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Elgato logo.svg
Product typeConsumer electronics (computer)
OwnerCorsair Gaming, Inc.
Previous ownersElgato Systems

Elgato is a brand of consumer technology products. The brand was manufactured and designed by Elgato Systems, founded in 2010 by Markus Fest and is headquartered in Munich, Germany, until 2018 when the brand was sold to Corsair.[1]


The brand, Elgato, was formerly a brand of Elgato Systems. The Elgato brand was used to refer to the company gaming and thunderbolt devices and was commonly called Elgato Gaming.

On June 28, 2018, Corsair acquired the Elgato brand from Elgato Systems, while Elgato Systems kept their smart home division and renamed the company to Eve Systems.[2]


A rear view of the Elgato Thunderbolt dock showing the available ports
The Elgato Thunderbolt Drive+

Thunderbolt dock[edit]

Elgato introduced a Thunderbolt docking station in June 2014. A computer is plugged into the dock using a Thunderbolt port in order to gain access to the dock's three USB ports, audio jacks, HDMI and ethernet. It is typically used to plug a Macbook into an office setting (printer, monitor, keyboard) or to provide additional ports not available in the Macbook Air.[3][4][5] A review in The Register said it was compact and useful, but Windows users should consider a USB 3.0 dock.[4] The Register and CNET disagreed on whether it was competitively priced.[3][4] Reviews in TechRadar and Macworld gave it 4 out of 5 stars.[6][7]

Thunderbolt SSD[edit]

Elgato introduced two external solid-state drives in September 2012 called Thunderbolt Drive.[8] Benchmark tests by MacWorld and Tom's Hardware said that the hard drive was slower than other products they tested, despite being connected through a faster Thunderbolt port, rather than Firewire.[9][10] The following year, in 2013, Elgato replaced them with similar drives identified as "Thunderbolt Drive +", which added USB 3.0 support and was claimed to be faster than the previous iteration.[11] A CNET review of a Thunderbolt Drive+ drive gave it a 4.5 out of 5 star rating. It said the drive was "blazing fast" and "the most portable drive to date" but was also expensive.[12] An article in The Register explained that the original drives introduced in 2012 didn't perform well in benchmark tests, but the newer "plus" version had impressive speed results during testing.[13]

Game Capturing[edit]

Game Capture HD, which connects to gaming consoles to record gameplay, was introduced in 2012. It was created in response to gamers that were hacking EyeTV products for gameplay recording.[14] The device connects between a gaming console and the TV and is powered by a USB connection. It captures video as the console sends it to the television, compresses and stores it.[15] A review in iPhone Life gave it 4 out of 5 stars and noted that it could also be used to record iPad games with the right setup.[16]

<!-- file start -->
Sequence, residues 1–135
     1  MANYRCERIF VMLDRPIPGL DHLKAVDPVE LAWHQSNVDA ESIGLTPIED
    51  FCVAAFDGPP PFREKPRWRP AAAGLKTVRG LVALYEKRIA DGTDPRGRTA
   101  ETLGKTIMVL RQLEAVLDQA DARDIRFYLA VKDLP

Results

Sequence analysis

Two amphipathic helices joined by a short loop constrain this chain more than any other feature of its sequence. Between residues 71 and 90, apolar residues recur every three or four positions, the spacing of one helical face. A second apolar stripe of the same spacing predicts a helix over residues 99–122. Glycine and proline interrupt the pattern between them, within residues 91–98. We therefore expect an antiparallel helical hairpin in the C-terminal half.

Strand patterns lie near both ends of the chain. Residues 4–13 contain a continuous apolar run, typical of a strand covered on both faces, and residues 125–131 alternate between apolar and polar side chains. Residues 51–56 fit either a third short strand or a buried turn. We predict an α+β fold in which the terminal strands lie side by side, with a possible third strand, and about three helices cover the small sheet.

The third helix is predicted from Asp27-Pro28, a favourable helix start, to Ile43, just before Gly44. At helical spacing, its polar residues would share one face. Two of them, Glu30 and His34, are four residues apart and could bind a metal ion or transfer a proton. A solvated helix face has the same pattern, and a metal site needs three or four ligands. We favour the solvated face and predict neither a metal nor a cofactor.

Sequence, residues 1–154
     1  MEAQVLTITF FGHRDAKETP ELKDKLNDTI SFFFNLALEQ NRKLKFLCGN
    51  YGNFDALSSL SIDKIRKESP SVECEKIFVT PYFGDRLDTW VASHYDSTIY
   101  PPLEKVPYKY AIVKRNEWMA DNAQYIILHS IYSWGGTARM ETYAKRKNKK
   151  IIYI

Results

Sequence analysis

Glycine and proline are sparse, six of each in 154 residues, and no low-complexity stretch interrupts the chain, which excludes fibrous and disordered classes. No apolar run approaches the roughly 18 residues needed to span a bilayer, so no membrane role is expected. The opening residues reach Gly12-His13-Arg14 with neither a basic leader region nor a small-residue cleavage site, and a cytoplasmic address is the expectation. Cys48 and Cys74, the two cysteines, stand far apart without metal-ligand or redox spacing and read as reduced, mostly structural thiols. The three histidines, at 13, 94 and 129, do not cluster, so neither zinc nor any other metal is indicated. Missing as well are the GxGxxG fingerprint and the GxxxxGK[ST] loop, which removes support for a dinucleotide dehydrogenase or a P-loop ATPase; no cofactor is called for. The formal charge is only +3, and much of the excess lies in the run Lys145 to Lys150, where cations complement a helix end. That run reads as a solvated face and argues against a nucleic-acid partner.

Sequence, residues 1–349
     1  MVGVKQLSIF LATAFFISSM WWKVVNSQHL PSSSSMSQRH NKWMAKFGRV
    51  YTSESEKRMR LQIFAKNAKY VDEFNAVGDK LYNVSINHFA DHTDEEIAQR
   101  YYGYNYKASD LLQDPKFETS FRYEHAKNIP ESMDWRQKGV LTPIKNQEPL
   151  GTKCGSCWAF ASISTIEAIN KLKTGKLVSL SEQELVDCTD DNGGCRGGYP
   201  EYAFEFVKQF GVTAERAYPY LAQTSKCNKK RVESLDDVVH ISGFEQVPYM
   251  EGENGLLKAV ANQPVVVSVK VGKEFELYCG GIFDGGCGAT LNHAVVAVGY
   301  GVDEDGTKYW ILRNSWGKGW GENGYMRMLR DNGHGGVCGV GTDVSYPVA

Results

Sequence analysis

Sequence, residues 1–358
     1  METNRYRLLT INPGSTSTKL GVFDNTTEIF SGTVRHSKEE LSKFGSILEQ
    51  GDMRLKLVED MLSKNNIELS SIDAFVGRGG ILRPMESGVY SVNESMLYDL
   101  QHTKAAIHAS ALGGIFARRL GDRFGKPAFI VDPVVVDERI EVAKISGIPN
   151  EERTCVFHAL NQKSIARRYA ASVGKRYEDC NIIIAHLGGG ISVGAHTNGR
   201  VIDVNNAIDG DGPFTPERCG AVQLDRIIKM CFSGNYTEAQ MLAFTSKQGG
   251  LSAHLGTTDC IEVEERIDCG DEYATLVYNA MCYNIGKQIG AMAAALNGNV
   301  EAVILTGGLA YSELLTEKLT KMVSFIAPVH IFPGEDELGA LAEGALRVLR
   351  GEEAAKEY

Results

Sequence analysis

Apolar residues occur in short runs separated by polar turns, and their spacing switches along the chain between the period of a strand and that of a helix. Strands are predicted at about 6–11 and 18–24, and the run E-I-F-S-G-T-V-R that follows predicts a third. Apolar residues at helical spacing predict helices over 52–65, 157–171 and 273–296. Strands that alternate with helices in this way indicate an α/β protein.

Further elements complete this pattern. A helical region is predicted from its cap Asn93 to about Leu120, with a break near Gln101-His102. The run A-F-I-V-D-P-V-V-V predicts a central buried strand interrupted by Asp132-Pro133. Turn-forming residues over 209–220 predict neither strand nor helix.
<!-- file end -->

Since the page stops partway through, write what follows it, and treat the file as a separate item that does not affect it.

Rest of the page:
In October 2014 Elgato released a new version called HD 60. It recorded in 60 frames per second and 1080p high definition video (compared to the previous Game Capture HD's 1080p30 or 720p60), whereas typical low-end video game recording devices capture in 720p and 30 frames per second. The Telegraph gave it four out of five stars.[17] A review in Gizmodo said that it captured extremely high-quality footage, but it may be higher-end than needed for many gamers that would be satisfied with the recording features built into the console.[15]


  1. ^ Hargreaves, Eddie (March 12, 2007). "Elgato ends collaboration with Miglia". Giga Om. Retrieved September 2, 2014.
  2. ^ "Elgato Systems Renames to Eve Systems After Spinning Off Gaming Business". TechPowerUp. Retrieved 2018-07-24.
  3. ^ a b "Add a slew of ports to your MacBook with the Elgato Thunderbolt Dock". CNET. April 4, 2014. Retrieved August 14, 2014.
  4. ^ a b c Dormon, Bob (June 3, 2014). "Plugging the gaps in today's Macs: Elgato Thunderbolt Dock". The Register. Retrieved August 14, 2014.
  5. ^ Summers, Nick (April 14, 2014). "Elgato Thunderbolt Dock review: This sleek station will supercharge your laptop-powered workspace". TheNextWeb. Retrieved August 14, 2014.
  6. ^ Harrison, Andrew (July 23, 2014). "Elgato Thunderbolt Dock review". MacWorld. Retrieved August 14, 2014.
  7. ^ Stonebridge, Alan (May 1, 2014). "Elgato Thunderbolt Dock review:Connect several devices to your computer by plugging in a single cable".
  8. ^ Cooper, Daniel. "Elgato's Thunderbolt SSD brings no noise, brings the pain(less) operation". Engadget. Retrieved August 14, 2014.
  9. ^ Ku, Andrew (July 15, 2012). "Nine External Thunderbolt Storage Devices, Rounded Up". Tom's Hardware. Retrieved August 14, 2014.
  10. ^ Bartleman, Kean (May 2, 2012). "Elgato's bus-powered Thunderbolt SSD". Macworld. Retrieved August 14, 2014.
  11. ^ Fingas, Jon (November 8, 2013). "Elgato Thunderbolt Drive+ SSD earns its 'plus' tag through USB 3.0 and brisk speeds". Engadget. Retrieved August 14, 2014.
  12. ^ "Elgato Thunderbolt Drive+ review: Blazing fast portable drive". CNET. February 14, 2014. Retrieved August 14, 2014.
  13. ^ Dormon, Bob (March 6, 2014). "Vulture wraps claws around Elgato Thunderbolt Drive+ portable SSD". The Register. Retrieved August 14, 2014.
  14. ^ Turner, Adam (July 16, 2012). "What is ... Elgato's Game Capture HD". The Sydney Morning Herald.
  15. ^ a b Simpson, Campbell (October 29, 2014). "Elgato Game Capture HD 60: Australian Review". Gizmodo Australia. Retrieved October 30, 2014.
  16. ^ Riley, Mike (July 15, 2013). "Record iPad Video with Elgato Game Capture HD". iphone life magazine. Retrieved September 2, 2014.
  17. ^ Hoggins, Tom (October 17, 2014). "Elgato Game Capture HD 60 review". The Telegraph. Retrieved October 30, 2014.

External links[edit]